A familial cluster of pneumonia associated with COVID- 2019 indicating person-to-person transmission
A familial cluster of pneumonia associated with COVID- 2019 indicating person-to-person transmission Spencer EA, Heneghan C.
Published on July 27, 2020
Transmission Dynamics of COVID-19
||Chan JF, Yuan S, Kok KH, et al. A familial cluster of pneumonia associated with the 2019 novel coronavirus indicating person-to-person transmission: a study of a family cluster. Lancet. 2020;395(10223):514-523. doi:10.1016/S0140-6736(20)30154-9
||The Shaw Foundation Hong Kong, Respiratory Viral Research Foundation Limited, the Hong Kong Hainan Commercial Association South China Microbiology Research Fund, Sanming Project of Medicine (Shenzhen), and High Level-Hospital Program (Guangdong Health Commission).
||Close contact, person to person, asymptomatic, orofecal
This very early study established the likelihood of person to person transmission of SARS-CoV-2, in hospital and family settings. It also highlighted the possibility of transmission from asymptomatic carriers.
Of six family members who had travelled to Wuhan and presented with symptoms, five were identified as infected with the novel coronavirus [SARS-CoV-2]. Additionally, one family member, who did not travel to Wuhan, became infected with the virus after several days of contact with four of the family members.
The two children in the family were asymptomatic, and tested negative for the novel coronavirus, although the asymptomatic 10-year-old child was found to show radiological ground-glass lung opacities. None of the family members had had contacts with Wuhan markets or animals, although two had visited a Wuhan hospital.
All respiratory samples were negative on two point-of-care multiplex PCR systems for 18 respiratory viral and four bacterial targets. The two faecal samples from patients 3 and 4 who had preceding diarrhoea were negative on a multiplex PCR assay for common diarrhoeal viruses, bacteria, and parasites.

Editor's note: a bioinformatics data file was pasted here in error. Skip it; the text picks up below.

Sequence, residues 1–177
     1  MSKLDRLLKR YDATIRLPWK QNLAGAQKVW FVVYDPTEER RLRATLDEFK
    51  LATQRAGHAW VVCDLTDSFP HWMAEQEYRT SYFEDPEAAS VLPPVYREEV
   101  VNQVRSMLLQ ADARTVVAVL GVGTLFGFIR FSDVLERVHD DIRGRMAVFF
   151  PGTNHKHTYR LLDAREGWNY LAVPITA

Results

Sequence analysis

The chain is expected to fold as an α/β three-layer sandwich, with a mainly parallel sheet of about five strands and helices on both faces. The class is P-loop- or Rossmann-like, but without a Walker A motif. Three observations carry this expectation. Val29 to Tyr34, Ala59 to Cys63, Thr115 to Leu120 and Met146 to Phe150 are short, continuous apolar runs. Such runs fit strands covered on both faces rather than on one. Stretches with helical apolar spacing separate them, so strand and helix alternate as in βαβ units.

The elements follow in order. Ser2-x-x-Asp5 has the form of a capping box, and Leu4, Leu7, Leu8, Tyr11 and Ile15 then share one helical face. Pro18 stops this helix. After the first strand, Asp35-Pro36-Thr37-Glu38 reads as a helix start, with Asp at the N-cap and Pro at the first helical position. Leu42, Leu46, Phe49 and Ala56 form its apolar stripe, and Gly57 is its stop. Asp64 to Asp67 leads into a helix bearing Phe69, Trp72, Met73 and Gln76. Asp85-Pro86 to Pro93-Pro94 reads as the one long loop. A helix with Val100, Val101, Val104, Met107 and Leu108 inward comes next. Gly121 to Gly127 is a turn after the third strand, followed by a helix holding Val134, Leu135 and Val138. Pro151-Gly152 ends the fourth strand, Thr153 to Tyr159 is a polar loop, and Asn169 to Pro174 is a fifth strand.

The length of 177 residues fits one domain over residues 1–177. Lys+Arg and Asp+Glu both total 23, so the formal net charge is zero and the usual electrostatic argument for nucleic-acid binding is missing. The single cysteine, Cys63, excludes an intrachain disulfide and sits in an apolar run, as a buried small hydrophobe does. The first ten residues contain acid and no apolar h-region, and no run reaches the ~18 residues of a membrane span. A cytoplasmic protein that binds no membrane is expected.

Five patients tested positive for genetic markers indicative of SARS-CoV-2. One additional patient was considered infected with the novel virus despite testing negative, because of clinical symptoms and radiological evidence of lung effects
Phylogenetic analysis of these five patients’ RT-PCR amplicons and two full genomes by next-generation sequencing showed that this is a novel coronavirus [SARS-CoV-2]. Only one serum sample tested positive. All other patients’ serum, urine, and faecal samples were negative for SARS-CoV-2.
What did they do?
The study reports the epidemiological, clinical, laboratory, radiological, and microbiological findings of five patients in a family cluster who presented with unexplained pneumonia after returning to Shenzhen, Guangdong province, China, after a visit to Wuhan, and an additional family member who did not travel to Wuhan. Phylogenetic analysis of genetic sequences from these patients was done.
On 10th January 2020, two patients who initially presented to The University of Hong Kong-Shenzhen Hospital (Shenzhen, Guangdong province, China) with fever, respiratory symptoms, or diarrhoea, and pulmonary infiltrates on chest radiographs were asked to join the study. Subsequently, between 11th and 15th January 2020, five other members of this family also presented to our hospital for the assessment of their health conditions.
These six individuals had travelled to Wuhan from Shenzhen between 29th December 2019 and 4th January 2020.
This was a thorough report of the clinical and genetic investigations for a small number of patients, and needs replication.
|Clearly defined setting
||Demographic characteristics described
||Follow-up length was sufficient
||Transmission outcomes assessed
||Main biases are taken into consideration
What else should I consider?
An early study published in The Lancet, 24th January 2020.
About the authors
Carl is Professor of EBM & Director of CEBM at the University of Oxford. He is also a GP and tweets @carlheneghan. He has an active interest in discovering the truth behind health research findings
Dr Elizabeth Spencer; MMedSci, PhD. Epidemiologist, Nuffield Department for Primary Care Health Sciences, University of Oxford.